Original Research

The macrologistics effect of a state-owned enterprise, Transnet, on the South African economy

Jan H. Havenga, Zane P. Simpson, Henk Neethling, Anneke de Bod, Stefaan Swarts
Journal of Transport and Supply Chain Management | Vol 17 | a952 | DOI: https://doi.org/10.4102/jtscm.v17i0.952 | © 2023 Jan H. Havenga, Zane P. Simpson, Henk Neethling, Anneke de Bod, Stefaan Swarts | This work is licensed under CC Attribution 4.0
Submitted: 12 May 2023 | Published: 04 December 2023

About the author(s)

Jan H. Havenga, Department of Industrial Engineering, Faculty of Engineering, Stellenbosch University, Stellenbosch, South Africa
Zane P. Simpson, Department of Industrial Engineering, Faculty of Engineering, Stellenbosch University, Stellenbosch, South Africa
Henk Neethling, Department of Logistics, Faculty of Economic and Management Sciences, Stellenbosch University, Stellenbosch, South Africa
Anneke de Bod, Department of Logistics, Faculty of Economic and Management Sciences, Stellenbosch University, Stellenbosch, South Africa
Stefaan Swarts, Department of Logistics, Faculty of Economic and Management Sciences, Stellenbosch University, Stellenbosch, South Africa

Abstract

Background: Transnet moves around 80% of South Africa’s rail-friendly freight tonne-kilometres, which drops to less than 40% if the rail-only coal and iron ore export lines are excluded.

Objectives: Calculating the costs, negative externalities, and job losses caused by Transnet’s recent and historical operational issues and using the results to inform future reform possibilities.

Method: Aspects contributing to Transnet’s failures are indicated through an assessment of rail freight’s decreasing market share and infrastructure investment, port ownership and inefficiency concerns, Transnet’s deteriorating financial performance, loss of critical skills, and instances of state capture. Resultant costs and their impact on employment are calculated across various freight flow segments, whereafter reform models are suggested through international benchmarking and extracting lessons from relevant global reforms.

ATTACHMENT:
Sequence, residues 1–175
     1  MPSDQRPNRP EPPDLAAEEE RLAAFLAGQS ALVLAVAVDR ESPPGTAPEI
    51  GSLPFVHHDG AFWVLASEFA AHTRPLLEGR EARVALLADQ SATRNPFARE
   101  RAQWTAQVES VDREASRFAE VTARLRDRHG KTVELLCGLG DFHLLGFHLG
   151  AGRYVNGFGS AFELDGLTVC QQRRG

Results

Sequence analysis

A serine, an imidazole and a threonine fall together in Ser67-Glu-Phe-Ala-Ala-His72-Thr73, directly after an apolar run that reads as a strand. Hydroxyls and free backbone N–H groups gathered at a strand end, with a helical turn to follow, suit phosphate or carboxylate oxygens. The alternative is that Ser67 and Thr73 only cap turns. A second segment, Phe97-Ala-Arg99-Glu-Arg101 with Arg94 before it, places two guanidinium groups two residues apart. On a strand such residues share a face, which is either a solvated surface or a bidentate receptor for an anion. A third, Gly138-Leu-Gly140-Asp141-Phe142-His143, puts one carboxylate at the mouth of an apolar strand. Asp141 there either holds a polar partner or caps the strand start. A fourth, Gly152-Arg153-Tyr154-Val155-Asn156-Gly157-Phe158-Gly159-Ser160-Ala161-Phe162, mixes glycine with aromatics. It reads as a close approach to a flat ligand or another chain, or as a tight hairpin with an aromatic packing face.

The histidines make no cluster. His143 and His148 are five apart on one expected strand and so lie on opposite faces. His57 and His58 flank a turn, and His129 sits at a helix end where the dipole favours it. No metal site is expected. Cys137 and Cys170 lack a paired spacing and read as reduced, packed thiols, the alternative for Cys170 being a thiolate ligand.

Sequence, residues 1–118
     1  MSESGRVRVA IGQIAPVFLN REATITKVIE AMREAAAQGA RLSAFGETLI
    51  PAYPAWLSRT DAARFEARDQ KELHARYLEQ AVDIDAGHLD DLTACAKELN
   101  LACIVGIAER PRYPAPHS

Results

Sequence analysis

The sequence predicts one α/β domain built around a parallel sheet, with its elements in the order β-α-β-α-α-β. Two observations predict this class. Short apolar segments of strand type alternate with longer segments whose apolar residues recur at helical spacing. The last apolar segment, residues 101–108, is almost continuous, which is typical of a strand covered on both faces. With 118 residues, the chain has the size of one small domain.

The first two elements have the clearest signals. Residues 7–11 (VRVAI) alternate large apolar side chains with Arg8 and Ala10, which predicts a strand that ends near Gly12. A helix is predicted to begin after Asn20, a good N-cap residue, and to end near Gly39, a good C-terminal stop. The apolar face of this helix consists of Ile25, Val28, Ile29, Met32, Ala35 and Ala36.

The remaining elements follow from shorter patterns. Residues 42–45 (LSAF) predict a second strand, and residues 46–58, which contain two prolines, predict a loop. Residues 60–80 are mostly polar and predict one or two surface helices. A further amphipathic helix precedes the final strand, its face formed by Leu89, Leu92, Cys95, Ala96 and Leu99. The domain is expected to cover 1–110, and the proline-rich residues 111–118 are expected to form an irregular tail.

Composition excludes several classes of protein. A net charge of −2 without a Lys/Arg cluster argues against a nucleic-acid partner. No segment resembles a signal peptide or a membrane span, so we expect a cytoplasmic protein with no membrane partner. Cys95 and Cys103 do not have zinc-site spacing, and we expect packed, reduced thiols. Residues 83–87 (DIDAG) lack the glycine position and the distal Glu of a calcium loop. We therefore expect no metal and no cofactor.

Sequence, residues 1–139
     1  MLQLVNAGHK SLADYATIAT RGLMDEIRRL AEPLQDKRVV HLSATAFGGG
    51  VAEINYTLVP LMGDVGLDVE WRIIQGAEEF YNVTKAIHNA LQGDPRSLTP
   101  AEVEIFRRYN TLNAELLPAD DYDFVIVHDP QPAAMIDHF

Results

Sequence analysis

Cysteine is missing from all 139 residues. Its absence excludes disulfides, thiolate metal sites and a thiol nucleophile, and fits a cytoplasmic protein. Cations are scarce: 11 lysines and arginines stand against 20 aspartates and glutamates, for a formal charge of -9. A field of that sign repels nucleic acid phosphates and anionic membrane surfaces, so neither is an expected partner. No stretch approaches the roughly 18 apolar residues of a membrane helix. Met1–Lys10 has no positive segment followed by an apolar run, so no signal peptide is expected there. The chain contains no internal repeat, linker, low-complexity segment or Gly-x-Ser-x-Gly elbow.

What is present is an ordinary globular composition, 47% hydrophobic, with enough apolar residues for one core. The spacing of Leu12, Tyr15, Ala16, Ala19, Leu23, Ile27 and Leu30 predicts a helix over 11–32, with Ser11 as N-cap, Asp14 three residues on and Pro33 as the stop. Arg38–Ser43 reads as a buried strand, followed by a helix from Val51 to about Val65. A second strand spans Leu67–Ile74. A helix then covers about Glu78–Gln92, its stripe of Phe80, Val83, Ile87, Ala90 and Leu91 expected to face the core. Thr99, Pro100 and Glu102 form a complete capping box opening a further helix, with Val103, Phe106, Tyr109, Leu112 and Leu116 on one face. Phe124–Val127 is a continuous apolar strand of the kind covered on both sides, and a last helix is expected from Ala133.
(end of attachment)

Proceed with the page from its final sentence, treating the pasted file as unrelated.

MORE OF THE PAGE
Results: The cost of Transnet’s failures are estimated as 7.43% of gross domestic product. A healthy relationship between the government and the private sector is a frequent occurrence in successful reforms seen globally. Locally, recent government reforms acknowledge a meaningful role for the private sector, which is in turn offering pragmatic and achievable solutions.

Conclusion: Improved private sector participation can contribute to Transnet’s recovery. South Africa depends on this collaboration and the development of port and rail master plans to guide the infrastructure development required to meet its overall transportation needs.

Contribution: Actionable implications for policy implementation, the economic regulation and horizontal separation of the freight railway, shifting freight from road to rail, the corporatisation of the port authority, and increasing port efficiency and capacity.


Keywords

macrologistics; value chains; logistics cost; state-owned enterprises; rail reform; public–private partnership; emerging economy; South Africa

JEL Codes

L92: Railroads and Other Surface Transportation; L98: Government Policy; R41: Transportation: Demand, Supply, and Congestion • Travel Time • Safety and Accidents • Transportation Noise

Sustainable Development Goal

Goal 9: Industry, innovation and infrastructure

Metrics

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